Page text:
Floyd Mayweather has agreed to not promote any securities, digital or otherwise, for three years. Picture: Sean M. Haffey/Getty Images/AFP
Floyd Mayweather has agreed to not promote any securities, digital or otherwise, for three years. Picture: Sean M. Haffey/Getty Images/AFP

Mayweather’s $840k Insta fail

Boxer Floyd Mayweather Jr. and music producer DJ Khaled have been hit with fines totalling more than $1 million for unlawfully spruiking dodgy cryptocurrencies.

The Securities and Exchange Commission announced Thursday it had settled charges against the pair for failing to disclose payments they received for promoting so-called "initial coin offerings" last year.

"Centra's ICO starts in a few hours," Mayweather wrote to his nearly eight million Twitter followers in September. "Get yours before they sell out, I got mine."

A post on his Instagram account, where he has 21 million followers, predicted he would make a large amount of money on another ICO. Another post to Twitter said, "You can call me Floyd Crypto Mayweather from now on."

According to the SEC, Mayweather received approximately $US300,000 for promoting three ICOs on his social media channels, including $US100,000 from Centra Tech.

Earlier this year, the SEC filed civil action against the founders of Centra Tech alleging the ICO was fraudulent. The US Attorney's Office for the Southern District of New York has filed parallel criminal charges.

DJ Khaled, real name Khaled Khaled, was allegedly paid $US50,000 by Centra Tech for promotional posts to his 12.4 million Instagram and 3.9 million Twitter followers featuring himself holding a "Centra Card".

"I just received my titanium centra debit card," he wrote. "The Centra Card & Centra Wallet app is the ultimate winner in Cryptocurrency debit cards powered by CTR tokens! Use your bitcoins, ethereum, and more cryptocurrencies in real time across the globe. This is a Game changer here. Get your CTR tokens now!"

According to the SEC, without admitting or denying the findings, Mayweather and Khaled agreed to pay $US614,775 ($840,000) and $US152,725 ($210,000) in penalties.

In addition, Mayweather has agreed not to promote any securities, digital or otherwise, for three years, and Khaled agreed to a similar ban for two years. Mayweather also agreed to continue to co-operate with the investigation.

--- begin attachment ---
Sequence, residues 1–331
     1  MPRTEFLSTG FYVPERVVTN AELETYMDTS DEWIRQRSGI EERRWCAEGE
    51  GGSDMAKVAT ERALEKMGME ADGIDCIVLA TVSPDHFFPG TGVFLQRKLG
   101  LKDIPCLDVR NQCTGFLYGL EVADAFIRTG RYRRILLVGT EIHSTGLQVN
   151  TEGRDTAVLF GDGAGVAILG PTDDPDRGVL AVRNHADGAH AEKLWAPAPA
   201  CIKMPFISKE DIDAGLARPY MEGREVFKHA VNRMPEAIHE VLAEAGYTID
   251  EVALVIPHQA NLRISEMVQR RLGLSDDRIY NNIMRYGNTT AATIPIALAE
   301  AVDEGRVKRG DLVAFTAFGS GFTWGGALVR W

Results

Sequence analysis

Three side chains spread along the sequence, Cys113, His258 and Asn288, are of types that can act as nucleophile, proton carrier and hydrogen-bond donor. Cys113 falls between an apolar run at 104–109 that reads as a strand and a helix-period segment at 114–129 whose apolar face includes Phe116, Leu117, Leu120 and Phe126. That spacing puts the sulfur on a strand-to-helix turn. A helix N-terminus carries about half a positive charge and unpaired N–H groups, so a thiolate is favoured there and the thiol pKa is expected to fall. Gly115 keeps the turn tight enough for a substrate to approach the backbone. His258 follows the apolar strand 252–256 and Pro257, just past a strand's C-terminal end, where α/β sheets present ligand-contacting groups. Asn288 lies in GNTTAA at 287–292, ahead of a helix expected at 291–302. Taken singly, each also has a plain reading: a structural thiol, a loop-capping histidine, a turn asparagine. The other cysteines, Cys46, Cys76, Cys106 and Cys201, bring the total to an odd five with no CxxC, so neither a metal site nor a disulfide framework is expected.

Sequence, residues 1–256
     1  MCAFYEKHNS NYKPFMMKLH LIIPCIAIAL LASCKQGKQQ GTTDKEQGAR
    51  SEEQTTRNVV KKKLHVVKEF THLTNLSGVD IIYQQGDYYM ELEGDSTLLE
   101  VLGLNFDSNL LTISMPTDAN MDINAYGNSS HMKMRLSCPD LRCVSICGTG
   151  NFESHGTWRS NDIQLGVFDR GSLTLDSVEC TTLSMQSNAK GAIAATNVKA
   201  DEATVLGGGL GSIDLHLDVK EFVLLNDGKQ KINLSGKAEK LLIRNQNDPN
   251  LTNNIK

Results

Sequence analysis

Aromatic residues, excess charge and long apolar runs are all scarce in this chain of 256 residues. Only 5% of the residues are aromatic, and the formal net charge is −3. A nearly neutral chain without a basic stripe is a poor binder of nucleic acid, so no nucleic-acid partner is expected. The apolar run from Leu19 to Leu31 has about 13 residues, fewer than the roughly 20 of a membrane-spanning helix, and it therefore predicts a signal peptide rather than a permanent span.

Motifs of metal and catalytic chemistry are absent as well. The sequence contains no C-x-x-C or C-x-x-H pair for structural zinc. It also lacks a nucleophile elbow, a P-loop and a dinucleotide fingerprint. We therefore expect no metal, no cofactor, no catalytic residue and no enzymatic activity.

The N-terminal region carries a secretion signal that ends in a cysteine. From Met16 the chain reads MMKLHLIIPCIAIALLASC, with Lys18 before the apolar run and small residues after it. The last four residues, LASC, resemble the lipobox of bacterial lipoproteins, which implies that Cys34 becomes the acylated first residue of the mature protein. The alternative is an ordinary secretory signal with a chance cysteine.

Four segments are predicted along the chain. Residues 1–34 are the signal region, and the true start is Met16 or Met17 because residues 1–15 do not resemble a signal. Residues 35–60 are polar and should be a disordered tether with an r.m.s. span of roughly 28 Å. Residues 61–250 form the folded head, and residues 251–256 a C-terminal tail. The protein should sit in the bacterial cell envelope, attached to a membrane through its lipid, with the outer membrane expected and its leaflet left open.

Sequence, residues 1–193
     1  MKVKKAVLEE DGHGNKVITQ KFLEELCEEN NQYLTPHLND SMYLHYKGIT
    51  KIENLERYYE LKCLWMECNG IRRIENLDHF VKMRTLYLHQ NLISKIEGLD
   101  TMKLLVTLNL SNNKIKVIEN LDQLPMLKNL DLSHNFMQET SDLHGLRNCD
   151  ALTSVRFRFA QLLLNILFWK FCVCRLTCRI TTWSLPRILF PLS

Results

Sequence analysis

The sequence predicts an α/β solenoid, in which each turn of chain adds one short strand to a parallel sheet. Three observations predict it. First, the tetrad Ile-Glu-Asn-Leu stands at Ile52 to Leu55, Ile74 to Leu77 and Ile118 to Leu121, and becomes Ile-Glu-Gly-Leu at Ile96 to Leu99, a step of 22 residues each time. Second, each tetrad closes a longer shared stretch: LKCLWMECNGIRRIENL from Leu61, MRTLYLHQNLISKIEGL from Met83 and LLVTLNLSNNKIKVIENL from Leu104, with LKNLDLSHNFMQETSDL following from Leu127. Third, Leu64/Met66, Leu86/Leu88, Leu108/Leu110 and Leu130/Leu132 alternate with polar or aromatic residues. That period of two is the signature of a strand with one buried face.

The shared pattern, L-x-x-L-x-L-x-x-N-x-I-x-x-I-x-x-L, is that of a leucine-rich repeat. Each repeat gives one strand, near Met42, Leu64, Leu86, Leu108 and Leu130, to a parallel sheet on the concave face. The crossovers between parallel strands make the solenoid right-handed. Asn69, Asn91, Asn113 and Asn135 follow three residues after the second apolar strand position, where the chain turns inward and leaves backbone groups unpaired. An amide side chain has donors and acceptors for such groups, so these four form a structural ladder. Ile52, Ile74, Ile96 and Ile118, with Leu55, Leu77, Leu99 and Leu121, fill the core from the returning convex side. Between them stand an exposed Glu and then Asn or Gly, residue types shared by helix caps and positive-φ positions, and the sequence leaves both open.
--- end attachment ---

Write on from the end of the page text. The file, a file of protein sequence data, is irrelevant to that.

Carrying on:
"These cases highlight the importance of full disclosure to investors," said SEC enforcement division co-director Stephanie Avakian said in a statement.

"With no disclosure about the payments, Mayweather and Khaled's ICO promotions may have appeared to be unbiased, rather than paid endorsements."

Enforcement division co-director Steven Peikin added, "Investors should be sceptical of investment advice posted to social media platforms, and should not make decisions based on celebrity endorsements.

"Social media influencers are often paid promoters, not investment professionals, and the securities they're touting, regardless of whether they are issued using traditional certificates or on the blockchain, could be frauds."

Initial coin offerings, a form of capital raising often used by cryptocurrency start-ups, have come under heavy scrutiny from regulators including the SEC and the Australian Securities and Investments Commission.

Regulators have warned that "coins" sold in ICOs may be securities and as such those offering and selling them must comply with securities laws.

Last month, an Australian crypto start-up that was promoted by cricketer Michael Clarke in a move widely panned online folded after ditching plans for a $50 million ICO, following queries from ASIC.

In February, an analysis of ICOs from 2017 found 531 out of 902 projects had either failed or "semi-failed" - a rate of 59 per cent. In March, an even more scathing report by Satis Group concluded that a whopping 81 per cent of ICOs were outright frauds.